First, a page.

my ancestors may have lived in one of those round houses during the
Bronze Age, perhaps even on a crannog, the earliest concrete
information about any of the houses the Lord family occupied dates to
the year 1610 AD. In that year, in the village of Towcester, England,
"Richard Lord" made out his Will, and in it he described the property
he was passing down to his surviving family. Among the items described
is the house itself - "the house wherein I now
dwell in Towcester".
From the fragmentary details preserved in that Will, we may assume a
typical 16th century middle class, or even upper middle class, house of
modest proportions, such as that shown below. From the meagre
details included in the Will, a sketch of this house, as it stood in
1610, may be recreated.
"I give &
bequeath to Joan my wife the one half of all my
goods and chattels whatsoever moveable except the long Table in my hall
seelinge and benches about my house and my will is that she shall have
enjoye During her natural lyfe (yf so long she keepe herself my
chamber over the kitchen where she and I due lodge and third pt of the
& fruits wch shall growe yearely in the orchard belonging to
wherein I now dwell in Towcester.."
From this we can see the house had a "hall"
and a "kitchen"
on the main floor, and above the kitchen a bed "chamber".
Since in 1610 Richard and Joane Lord had three unmarried children -
Elizabeth age 27, Thomas age 25 and Alice age 24 - it may be assumed
the children slept in a second bedchamber over, or adjacent to, the
form of 17th
century house is quite typical of the middle class in rural England.
||The framing of such a house in the period,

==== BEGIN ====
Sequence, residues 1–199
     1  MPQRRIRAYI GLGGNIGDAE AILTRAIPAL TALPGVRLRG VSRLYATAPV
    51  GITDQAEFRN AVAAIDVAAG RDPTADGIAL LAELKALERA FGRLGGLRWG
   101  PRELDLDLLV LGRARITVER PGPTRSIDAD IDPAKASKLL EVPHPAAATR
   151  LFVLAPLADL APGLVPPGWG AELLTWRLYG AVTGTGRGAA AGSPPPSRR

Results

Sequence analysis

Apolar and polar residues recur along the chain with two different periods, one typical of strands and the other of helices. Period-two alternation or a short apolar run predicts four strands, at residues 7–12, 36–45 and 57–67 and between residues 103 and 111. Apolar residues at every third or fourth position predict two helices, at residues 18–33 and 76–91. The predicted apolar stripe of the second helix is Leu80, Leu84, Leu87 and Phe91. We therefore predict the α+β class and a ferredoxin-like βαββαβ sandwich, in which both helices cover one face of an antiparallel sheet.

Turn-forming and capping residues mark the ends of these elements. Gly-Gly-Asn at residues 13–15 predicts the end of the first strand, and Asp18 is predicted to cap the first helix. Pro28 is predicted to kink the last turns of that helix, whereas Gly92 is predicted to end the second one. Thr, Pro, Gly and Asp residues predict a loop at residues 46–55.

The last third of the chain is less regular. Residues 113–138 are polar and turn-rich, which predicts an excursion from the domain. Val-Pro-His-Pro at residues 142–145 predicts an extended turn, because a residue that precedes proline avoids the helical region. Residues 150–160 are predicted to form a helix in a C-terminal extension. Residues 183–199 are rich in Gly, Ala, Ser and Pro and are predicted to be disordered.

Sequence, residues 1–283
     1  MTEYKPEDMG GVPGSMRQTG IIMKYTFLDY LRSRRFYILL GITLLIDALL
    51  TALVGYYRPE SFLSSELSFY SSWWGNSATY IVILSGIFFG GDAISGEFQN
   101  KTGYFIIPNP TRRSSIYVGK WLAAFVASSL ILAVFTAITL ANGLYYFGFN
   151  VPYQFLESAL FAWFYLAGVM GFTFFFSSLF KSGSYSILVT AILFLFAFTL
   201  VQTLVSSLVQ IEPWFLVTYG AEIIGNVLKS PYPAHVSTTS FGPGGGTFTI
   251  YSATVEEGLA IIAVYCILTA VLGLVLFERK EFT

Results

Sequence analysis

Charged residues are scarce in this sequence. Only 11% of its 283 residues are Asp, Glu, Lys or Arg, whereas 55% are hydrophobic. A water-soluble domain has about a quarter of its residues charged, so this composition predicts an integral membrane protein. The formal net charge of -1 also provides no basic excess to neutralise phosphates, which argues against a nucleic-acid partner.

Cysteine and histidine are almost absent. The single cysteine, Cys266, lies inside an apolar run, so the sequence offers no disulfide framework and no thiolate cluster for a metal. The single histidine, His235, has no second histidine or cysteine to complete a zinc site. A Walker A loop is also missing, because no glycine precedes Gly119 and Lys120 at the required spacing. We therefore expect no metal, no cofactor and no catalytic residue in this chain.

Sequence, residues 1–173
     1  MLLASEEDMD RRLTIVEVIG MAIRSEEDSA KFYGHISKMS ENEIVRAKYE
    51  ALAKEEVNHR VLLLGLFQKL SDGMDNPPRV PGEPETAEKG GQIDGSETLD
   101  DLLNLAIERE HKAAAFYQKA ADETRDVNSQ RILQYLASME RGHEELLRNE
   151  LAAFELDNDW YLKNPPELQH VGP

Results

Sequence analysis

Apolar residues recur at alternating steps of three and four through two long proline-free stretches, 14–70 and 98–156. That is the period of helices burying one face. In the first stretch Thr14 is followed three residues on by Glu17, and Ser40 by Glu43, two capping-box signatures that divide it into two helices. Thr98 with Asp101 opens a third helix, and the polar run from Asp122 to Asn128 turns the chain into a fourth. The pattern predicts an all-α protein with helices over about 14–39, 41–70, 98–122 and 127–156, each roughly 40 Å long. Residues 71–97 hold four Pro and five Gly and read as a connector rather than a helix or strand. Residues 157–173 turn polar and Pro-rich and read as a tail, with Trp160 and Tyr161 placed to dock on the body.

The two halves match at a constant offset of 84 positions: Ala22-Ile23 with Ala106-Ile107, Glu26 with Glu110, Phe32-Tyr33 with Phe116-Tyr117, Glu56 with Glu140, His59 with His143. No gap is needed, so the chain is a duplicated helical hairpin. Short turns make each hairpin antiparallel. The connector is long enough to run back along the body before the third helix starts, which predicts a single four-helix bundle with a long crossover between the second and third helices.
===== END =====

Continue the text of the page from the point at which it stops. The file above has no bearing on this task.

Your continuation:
with a kitchen bay and hall down, and two chambers up, probably
resembled one of these from 14th century England. Either form could
accommodate a hall and kitchen on the ground floor and two chambers
The mention of a "hall"
and a "kitchen"
reveals the post-Medieval floor plan in which the single multi-purpose
ground floor great Hall, where the cooking and other family functions
were combined, had been subdivided to remove the cooking functions to a
separate area. And by placing the master bedroom over the kitchen ("the Chamber
over the Kitchen where she and I due lodge...") the heat
rising from the kitchen gave that chamber the advantage of the most
comfort, at least during winter.
But the question remains as to how grand, modest,
or even poor, this house would have been? For that we have two clues in
the documents; the Will of 1610 and the Parish record of "Buryalls" for
the year 1610. At the beginning of his Will, Richard states: "In
the name of God
Amen - 30th Daye of Maye in the Yeare of our Lord 1610 - I Richard
Lord of Towcester in Co. of Northton, husbandman of
whole mynde doe
make this my last will an d testament -- my soull unto Allmight God and
my bodie to be buried in the Churchyard of Towcester."
wills 2nd series Book V 38, dated 1610, permission granted for this use
the Northamptonshire Record Office.
The Parish record of "Buryalls" for the year 1610
has the entry for Richard's death on 16th December as follows: "Richard
Lorde, yeom." (see below). To what extent these
"husbandman" and "yeoman"
indicate the status, wealth and position in the community of
family in 1610, will be discussed. And to that extent, we may be able
to more closely reconstruct what the house in Towcester was like.
Note that in his own will
Richard's name is written "Lord", but in the Parish Records it
These status identifiers were not attached as an
afterthought in 1610. It was in the Reign of King Henry V (left) in
1413 that all
legal documents, such as wills, deeds, leases, Parish records and the
like, should include with the person's name an "Addition
descriptive of his Estate, Degree or Mystery." Rank and
status in 16th and 17th century England was a matter of great attention